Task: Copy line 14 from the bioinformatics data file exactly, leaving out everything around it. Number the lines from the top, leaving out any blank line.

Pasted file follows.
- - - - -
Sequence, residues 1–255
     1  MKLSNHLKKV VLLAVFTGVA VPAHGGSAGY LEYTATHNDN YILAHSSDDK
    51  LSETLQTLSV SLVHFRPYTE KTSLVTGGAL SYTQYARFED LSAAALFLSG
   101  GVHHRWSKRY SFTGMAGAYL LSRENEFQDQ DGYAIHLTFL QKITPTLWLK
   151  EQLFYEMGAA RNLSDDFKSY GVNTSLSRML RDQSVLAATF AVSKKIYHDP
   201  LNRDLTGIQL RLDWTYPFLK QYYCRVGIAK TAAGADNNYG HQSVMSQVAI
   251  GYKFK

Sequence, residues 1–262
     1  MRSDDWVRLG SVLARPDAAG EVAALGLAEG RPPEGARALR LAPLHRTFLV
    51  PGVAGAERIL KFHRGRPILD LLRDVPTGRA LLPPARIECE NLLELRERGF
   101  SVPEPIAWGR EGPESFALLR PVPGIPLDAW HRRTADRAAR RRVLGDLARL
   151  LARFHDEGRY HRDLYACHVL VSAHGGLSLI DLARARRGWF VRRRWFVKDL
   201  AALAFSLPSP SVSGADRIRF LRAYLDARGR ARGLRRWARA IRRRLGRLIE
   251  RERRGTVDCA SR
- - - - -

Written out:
   251  RERRGTVDCA SR